High Praise for World Bank’s Latest “Doing Business” Report
World Bank President Robert Zoellick unveiled the results of the bank’s latest annual study of business conditions and regulation worldwide at a USCIB forum in New York on September 26. Business representatives were quick to praise the bank’s efforts to spur private-sector development.
The World Bank’s annual “Doing Business” report, begun five years ago, “has become the central benchmark for business regulatory practices all over the world,” stated Mr. Zoellick.
The report measures the time and the costs involved with setting up, running and closing a business in 178 countries around the world. Mr. Zoellick said its comparative approach served as a spur to more effective business regulation.
“Governments don’t want to lag in rankings with countries they have to compete with for investment, or for exports,” he stated. “And the potential for cross-country learning expands enormously.”
According to “Doing Business 2008,” countries in Eastern Europe and the former Soviet Union were among the leaders in improving the conditions for business. Large emerging markets like China and India also made major progress, according to the bank’s “Doing Business 2008” Report.
The World Bank’s International Finance Corporation (IFC), the private-sector arm which prepares the report, ranks countries based on ten indicators of business regulation measuring the time and cost it takes to start and run a business, including rules governing trade, taxation and business closure. Countries at all levels of development can gain by undertaking measurable regulatory reforms, it said.
“The report finds that equity returns are highest in countries that are reforming the most,” stated Michael Klein, the IFC’s vice president for financial and private sector development, who presented the report’s finding in detail. “Investors are looking for upside potential, and they find it in countries that are reforming, regardless of their starting point.”
Business representatives at the event, hosted by JPMorgan Chase, praised the Doing Business report as a much-needed spur to investment, economic development and job creation.
Abraham Katz, president of the International Organization of Employers (IOE), congratulated the World Bank “for creating a reform movement that has already begun to increase development and improve people’s lives.” The reports, he said, “identify the areas where reform is needed and, most importantly, provide the incentives for governments to act.” The IOE, part of USCIB’s global network, issued a statement praising the latest Doing Business report.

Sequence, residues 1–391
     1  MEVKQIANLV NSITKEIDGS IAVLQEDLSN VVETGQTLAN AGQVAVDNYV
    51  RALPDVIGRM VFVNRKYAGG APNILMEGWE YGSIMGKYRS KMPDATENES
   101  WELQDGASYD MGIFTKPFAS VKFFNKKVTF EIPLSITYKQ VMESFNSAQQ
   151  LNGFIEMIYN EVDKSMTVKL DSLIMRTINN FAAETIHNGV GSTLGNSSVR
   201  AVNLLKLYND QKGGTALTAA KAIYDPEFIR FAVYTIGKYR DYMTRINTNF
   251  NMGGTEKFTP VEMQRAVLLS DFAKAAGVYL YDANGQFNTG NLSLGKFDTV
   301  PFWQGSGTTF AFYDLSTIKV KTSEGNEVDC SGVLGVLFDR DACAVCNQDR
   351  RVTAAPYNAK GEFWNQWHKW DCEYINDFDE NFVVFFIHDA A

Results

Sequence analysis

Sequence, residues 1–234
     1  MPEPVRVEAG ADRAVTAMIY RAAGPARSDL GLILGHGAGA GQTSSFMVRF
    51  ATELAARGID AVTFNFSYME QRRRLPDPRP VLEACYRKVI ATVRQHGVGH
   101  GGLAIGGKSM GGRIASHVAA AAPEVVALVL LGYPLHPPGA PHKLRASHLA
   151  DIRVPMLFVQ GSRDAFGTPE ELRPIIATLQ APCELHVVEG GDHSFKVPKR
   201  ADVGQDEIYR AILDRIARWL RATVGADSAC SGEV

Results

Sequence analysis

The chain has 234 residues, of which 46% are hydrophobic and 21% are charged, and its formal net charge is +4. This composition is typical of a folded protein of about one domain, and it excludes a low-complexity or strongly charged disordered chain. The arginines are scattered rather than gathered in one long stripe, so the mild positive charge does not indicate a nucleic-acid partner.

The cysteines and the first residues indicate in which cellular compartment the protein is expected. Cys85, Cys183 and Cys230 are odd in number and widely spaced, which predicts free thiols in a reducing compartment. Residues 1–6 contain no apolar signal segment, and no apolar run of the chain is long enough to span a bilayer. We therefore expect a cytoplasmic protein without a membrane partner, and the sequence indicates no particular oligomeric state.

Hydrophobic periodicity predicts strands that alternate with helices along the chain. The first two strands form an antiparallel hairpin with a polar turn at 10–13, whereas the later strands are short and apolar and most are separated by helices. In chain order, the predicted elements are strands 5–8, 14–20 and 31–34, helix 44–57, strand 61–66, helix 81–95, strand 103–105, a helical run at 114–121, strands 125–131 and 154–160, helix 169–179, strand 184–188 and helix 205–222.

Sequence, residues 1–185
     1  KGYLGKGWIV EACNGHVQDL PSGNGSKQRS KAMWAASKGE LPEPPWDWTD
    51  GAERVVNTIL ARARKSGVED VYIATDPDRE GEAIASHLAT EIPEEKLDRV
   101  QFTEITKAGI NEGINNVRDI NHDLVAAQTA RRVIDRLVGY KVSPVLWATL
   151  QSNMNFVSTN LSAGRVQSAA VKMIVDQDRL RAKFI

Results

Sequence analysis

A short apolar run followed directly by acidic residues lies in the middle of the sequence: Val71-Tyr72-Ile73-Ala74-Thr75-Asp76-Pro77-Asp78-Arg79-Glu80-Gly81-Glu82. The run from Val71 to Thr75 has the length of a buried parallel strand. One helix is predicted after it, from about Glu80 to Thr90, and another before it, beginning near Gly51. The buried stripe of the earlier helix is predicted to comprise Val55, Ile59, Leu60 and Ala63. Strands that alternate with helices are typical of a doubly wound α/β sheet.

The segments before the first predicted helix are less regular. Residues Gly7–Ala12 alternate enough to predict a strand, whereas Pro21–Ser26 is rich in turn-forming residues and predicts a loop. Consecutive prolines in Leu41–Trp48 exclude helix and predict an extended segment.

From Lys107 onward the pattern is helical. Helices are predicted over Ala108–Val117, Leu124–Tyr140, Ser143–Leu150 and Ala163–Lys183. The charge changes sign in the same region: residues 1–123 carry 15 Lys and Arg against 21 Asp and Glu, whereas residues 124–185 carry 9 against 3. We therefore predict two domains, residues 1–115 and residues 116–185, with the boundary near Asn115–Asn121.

Large emerging markets are reforming fast, noted Mr. Klein. China, Egypt, India, Indonesia, Turkey and Vietnam all improved their rankings significantly in the latest report. Overall, Singapore was ranked as the easiest economy in which to do business, followed by New Zealand, the United States, Hong Kong and Denmark. Eight of the top 25 countries in the latest ranking came from outside the OECD The country that dropped the farthest: Venezuela, which went from number 144 to number 172, out of 178 economies surveyed.
“These reports target the root causes of slow growth in many countries, and they have had a measurable impact in promoting specific reform measures at the national level,” stated USCIB Chairman William G. Parrett, senior partner with Deloitte Touche Tohmatsu.
In the area of employment regulation, business representatives at the USCIB event observed that the reports measure regulatory flexibility, and do not call for wholesale deregulation, as some critics have claimed. The report’s indicators on employment are fully consistent with the International Labor Organization’s fundamental labor principles and rights, they said.
Mr. Katz emphasized the importance of simplicity and stability in national regulations. “When I talk to business people, they stress the need for one-stop shopping to get the answers to their questions and to get action on their requests, for licenses and other matters that enable them to do business,” he said. “They stress the importance of stability of regulations. They frequently say they could adapt to almost any regime as long as they know that the rules of the game have a certain permanence. Underlying everything is a legal system in which the right to private property is enshrined.”
Mr. Katz said employers around the world would welcome opportunities to contribute to future Doing Business reports.
Other speakers at the event included Tim Ryan, vice chairman of JPMorgan Chase’s financial institutions group, and Elizabeth Dibble, principal deputy assistant secretary of state for international finance and development, who moderated a discussion with the numerous business and government representatives in attendance.